Originally Posted by seanpatrick
A while back, I was reading the chapter in Bowditch dealing with dead reckoning. I was especially interested in the section dealing with course and speed made good. Well, last night on my lunch break (I work nights), I decided to solve a quick problem I made up:
"If I were on a ship which was 10nm due East of port, with a set of 360° and drift of 3 kts., and I needed to arrive in port in exactly one hour, what course and speed should I use?"
I figured the answer to be 253° at 10.5 kts. But then I started to wonder: That's all well and good for a vessel under engine power, but what about a sailboat? I know the way to figure course to steer at a given speed, but wouldn't turning a sailboat into the current (as in my example) actually slow the speed through the water enough to change the necessary course to steer? Or is this error so small as to be negligible? Or is there some other way to factor that in?
Determining the course to steer when underway in a sailing yacht is an iterative process. It can be done "on the water" based upon ones actual speeds achieved or--with somewhat lesser accuracy--with one's Polars, although Polar plots don't account for variations in sea state which can effect ones speeds regardless of what the Polars indicate (hence they are actually relative speed diagrams rather than actual).
The solution can be done mathematically although a discourse on the trig would go over a lot of heads. A graphical method, tho' is pretty easy. One begins with ones point of departure, the rhumb line to one's destination, one's assumed speed, and the average set and drift of the currents across the rhumb line. One first sets ones dividers to the distance of one's assumed speed along the rhumb line. (For example, if the scale of the chart is such that an inch = 2 miles, and ones assumed speed is 6 knots, one would set the points of one's divider 3" apart). One then strikes a line through the point of departure at the angle of the average "set" of the current across the rhumb line and marks a point that is the distance along the set line equal to the "drift". (For example, the average "set" might be 45º, with an average "drift" of 2.5 knots, hence one would place a mark along the set line that is 1-1/4 inch from the point of departure.) One then swings the divider in an arc (a "speed arc") from the "set point", to the rhumb line, marking the point of intersection. A line from the "set point" to the intersection of the speed arc with the rhumb line is the course to steer. (This is where Polars come in handy.) If the course to steer is closer to the wind, one might find that ones speed is somewhat less than the speed one assumed in making one's "speed arc", hence the radius of the speed arc needs be reduced. Likewise, if the course to steer is further off the wind, such that one's speed is greater than the speed assumed in making the speed arc, one would increase the radius of the speed arc. In either case, one then marks the intersection of the "adjusted" speed arc--around the set point--with the rhumb line and defines an adjusted course to steer. How many iterations of the foregoing are necessary depends upon the shape of the Polars of one's own yacht (in the sense of how much one's yacht's speed with vary relative to changes in the apparent wind). The foregoing process can be done without Polars, simply by observing ones actual speed through the water, which is the reference frame one is relying upon (even though the reference frame is moving itself, at the set and drift of the current) and making periodic adjustments from new points of origin as the voyage progresses.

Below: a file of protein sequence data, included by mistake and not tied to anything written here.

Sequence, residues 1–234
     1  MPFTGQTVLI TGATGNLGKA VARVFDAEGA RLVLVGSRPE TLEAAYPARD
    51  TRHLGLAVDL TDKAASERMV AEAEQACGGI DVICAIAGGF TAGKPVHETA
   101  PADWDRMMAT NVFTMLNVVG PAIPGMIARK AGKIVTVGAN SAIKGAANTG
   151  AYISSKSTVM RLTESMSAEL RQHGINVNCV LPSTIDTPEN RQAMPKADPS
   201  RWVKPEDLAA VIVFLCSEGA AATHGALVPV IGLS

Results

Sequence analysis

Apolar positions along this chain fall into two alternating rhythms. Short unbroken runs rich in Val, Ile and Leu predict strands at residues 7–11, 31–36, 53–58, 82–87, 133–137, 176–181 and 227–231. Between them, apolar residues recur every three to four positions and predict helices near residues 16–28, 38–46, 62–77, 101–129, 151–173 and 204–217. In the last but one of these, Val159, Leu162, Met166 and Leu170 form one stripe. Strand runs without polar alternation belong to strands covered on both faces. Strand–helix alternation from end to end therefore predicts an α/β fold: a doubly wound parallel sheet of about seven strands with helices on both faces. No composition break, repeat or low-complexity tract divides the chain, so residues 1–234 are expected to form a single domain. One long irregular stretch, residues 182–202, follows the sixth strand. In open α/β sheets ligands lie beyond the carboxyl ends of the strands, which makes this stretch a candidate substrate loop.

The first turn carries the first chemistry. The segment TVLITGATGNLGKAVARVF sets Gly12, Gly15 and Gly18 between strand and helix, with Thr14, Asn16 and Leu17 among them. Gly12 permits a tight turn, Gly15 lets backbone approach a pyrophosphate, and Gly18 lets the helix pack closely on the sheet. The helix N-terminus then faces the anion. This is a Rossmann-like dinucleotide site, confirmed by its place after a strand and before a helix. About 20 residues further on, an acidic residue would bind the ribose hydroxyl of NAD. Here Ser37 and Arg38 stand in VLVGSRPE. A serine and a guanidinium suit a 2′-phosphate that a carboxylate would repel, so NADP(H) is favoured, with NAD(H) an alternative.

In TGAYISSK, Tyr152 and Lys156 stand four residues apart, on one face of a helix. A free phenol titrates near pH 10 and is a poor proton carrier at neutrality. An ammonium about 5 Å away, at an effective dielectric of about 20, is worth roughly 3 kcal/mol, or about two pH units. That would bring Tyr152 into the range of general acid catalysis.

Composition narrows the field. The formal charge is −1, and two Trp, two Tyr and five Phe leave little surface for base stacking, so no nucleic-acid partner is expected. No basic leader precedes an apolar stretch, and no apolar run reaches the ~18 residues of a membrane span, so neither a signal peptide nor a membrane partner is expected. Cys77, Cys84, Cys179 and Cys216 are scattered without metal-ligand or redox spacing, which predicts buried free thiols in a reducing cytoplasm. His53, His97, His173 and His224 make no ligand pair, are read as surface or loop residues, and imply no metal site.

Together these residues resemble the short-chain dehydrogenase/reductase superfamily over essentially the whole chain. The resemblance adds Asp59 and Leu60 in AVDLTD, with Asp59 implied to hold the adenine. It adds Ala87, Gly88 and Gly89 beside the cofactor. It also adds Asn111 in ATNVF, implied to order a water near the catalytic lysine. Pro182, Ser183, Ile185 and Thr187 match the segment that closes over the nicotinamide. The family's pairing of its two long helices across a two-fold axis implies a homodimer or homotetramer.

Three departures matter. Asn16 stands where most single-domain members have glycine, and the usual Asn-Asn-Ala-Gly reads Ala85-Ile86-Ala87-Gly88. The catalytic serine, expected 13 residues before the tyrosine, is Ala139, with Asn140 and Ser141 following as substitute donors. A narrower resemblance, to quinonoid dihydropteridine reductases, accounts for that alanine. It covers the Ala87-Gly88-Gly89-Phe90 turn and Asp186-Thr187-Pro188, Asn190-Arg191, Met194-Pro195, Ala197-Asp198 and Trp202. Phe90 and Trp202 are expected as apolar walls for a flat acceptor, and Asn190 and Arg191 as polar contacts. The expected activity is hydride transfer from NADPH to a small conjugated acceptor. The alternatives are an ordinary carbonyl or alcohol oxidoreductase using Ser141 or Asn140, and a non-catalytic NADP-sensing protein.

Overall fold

The foregoing process is somewhat more difficult to describe than to actually perform and, unfortunately, in these daze of GPS navigation, not often performed even though it can shorten the length and time of a passage (and more significantly as the distance between point of departure and destination increases). The passage between say Miami and Bimini, across the Gulf Stream, is a good example of where the process can be used to advantage.
In terms of your question seeking a specific time of arrival, that can be achieved to the extent that one can slow ones progress, perhaps by "scandalizing ones rig", as one might do to arrive at a specific point at a specific time for, perhaps, a Bar passage or to save ones tide, but, of course, one cannot sail faster than ones maximum potential speed at a given apparent wind angle. In such cases ones arrival point may be unknown, but one can define a "Known Unknown" rather than allowing oneself to confront an "Unknown Unknown". For example, on passages between the Channel Islands and the Alamitos Bay Channel entrance in Long Beach, we would always steer to favor an arrival point northwest of the Channel entrance so that, if we didn't hit the Channel bang one, we knew that once the coast came into view we could merely head east along a bottom contour line to find our entrance. (I.e. we didn't know where the channel was, specifically, but we knew it was to the east of us; and, we knew if we stayed in 10 fathoms, we weren't going to bang into anything while we sailed down to it--hence a known unknown.)